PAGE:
Every business is also expected to operate within set goals, which to some level may end up facing financial risks of high levels. Even so, one should note with a lot of confidence that for any business operations, risks are inevitable and should not prevent anyone from making an investment.
Realization of the viability of the future of a business in terms of capital stock is also highly proponent in risk aversion.
It is true that as businesses focus on maximizing output levels, thus returns generated from different production processes, stockholders also aim at achieving high returns from their invested capital and at constant intervals of time throughout a business’s life cycle (Tuller, 1994, p. 202).
Before accepting to engage in a specific production processes, businesses should try and understand the nature of complexities involved as well as possible risks under such a production environment. Risks can be managed through proper analysis and understanding of external and internal business environment (Tuller, 1994, p. 205).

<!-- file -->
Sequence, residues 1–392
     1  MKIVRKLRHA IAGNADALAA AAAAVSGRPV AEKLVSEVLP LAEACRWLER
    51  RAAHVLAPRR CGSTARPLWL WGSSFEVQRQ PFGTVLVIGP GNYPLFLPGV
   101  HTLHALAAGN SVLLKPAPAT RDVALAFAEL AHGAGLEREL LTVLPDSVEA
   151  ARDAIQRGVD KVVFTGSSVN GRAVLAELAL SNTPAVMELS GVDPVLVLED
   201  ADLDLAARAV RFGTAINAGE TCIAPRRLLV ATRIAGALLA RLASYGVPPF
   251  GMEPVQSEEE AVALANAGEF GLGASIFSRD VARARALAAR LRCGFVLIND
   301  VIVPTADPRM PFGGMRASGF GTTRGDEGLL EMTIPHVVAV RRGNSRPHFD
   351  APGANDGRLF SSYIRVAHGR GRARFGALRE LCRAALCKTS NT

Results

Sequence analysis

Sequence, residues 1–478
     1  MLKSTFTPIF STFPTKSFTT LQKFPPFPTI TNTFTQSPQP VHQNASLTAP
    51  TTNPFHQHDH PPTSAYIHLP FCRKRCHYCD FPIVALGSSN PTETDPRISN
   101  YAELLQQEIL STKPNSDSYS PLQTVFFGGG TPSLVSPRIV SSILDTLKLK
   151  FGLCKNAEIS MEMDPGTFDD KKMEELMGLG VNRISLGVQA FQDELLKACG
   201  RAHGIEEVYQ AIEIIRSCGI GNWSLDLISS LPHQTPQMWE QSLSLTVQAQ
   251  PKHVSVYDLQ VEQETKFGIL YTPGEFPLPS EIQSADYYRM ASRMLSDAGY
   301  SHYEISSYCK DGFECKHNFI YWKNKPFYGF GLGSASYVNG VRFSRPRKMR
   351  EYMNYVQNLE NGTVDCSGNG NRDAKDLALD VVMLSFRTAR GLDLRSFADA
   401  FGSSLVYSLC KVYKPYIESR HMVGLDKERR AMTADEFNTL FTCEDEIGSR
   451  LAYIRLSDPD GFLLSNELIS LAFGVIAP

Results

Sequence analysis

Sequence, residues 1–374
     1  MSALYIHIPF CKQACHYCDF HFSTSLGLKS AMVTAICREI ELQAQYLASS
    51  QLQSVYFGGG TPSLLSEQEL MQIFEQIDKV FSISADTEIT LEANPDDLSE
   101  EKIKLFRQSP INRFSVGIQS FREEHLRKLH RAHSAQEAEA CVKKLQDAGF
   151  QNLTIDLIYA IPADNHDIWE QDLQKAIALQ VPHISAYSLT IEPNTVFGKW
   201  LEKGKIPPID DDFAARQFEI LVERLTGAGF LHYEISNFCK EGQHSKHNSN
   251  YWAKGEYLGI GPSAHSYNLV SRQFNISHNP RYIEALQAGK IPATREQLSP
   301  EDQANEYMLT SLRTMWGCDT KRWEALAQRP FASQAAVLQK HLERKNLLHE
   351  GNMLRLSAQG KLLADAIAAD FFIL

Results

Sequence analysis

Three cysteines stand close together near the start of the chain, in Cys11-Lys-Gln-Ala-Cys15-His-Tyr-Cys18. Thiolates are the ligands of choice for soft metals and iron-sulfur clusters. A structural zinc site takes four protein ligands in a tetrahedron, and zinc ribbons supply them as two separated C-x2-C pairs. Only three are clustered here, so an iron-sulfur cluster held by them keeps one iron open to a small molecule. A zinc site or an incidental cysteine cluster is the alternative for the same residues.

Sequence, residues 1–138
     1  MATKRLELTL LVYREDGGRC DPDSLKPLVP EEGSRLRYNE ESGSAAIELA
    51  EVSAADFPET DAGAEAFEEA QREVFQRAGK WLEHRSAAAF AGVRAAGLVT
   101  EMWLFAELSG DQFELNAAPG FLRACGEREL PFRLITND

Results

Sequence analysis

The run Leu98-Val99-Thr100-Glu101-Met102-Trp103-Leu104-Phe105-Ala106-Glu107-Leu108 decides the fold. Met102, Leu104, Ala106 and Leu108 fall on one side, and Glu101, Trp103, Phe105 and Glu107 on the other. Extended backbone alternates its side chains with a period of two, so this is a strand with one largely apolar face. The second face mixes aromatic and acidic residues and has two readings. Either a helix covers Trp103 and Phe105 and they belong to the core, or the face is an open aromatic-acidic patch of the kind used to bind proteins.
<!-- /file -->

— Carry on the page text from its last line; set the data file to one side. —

In the event where the possibility of reducing specific operational risks is zero then the production analysis would be more ideal compared to making an investment in a business environment that is very risky. Investors on the same note should be able to interpret presented information by companies over risks involved and expected returns.
This return as well as risk analysis would also put investors on the verge of choosing what is more ideal to them. The intention is to maximize on returns arising from production processes. From such incidences, more specifically example 1, a rational investor should be in a position to link his or her interests to make an investment to the company that would guarantee high returns and being subjected to share stocks as a way of achieving an environment that is less risky. The underlying factor is that many stockholders are risk averse and it means they do not interact often with business plans that are risky.
Denne, M., & Cleland-Huang, J. (2004). Software by numbers: Low-risk, high-return development. Upper Saddle River, NJ: Prentice Hall PTR.
Douglas, L. G. (1988). Yield curve analysis: The fundamentals of risk and return. New York: New York Institute of Finance.
Friend, I., Bicksler, J. L., American Telephone and Telegraph Company., & Conference on Risk and the Rate of Return. (1977). Risk and return in finance. Cambridge, Mass: Ballinger Pub. Co.
Tuller, L. W. (1994). High-risk, high-return investing. New York: J. Wiley & Sons.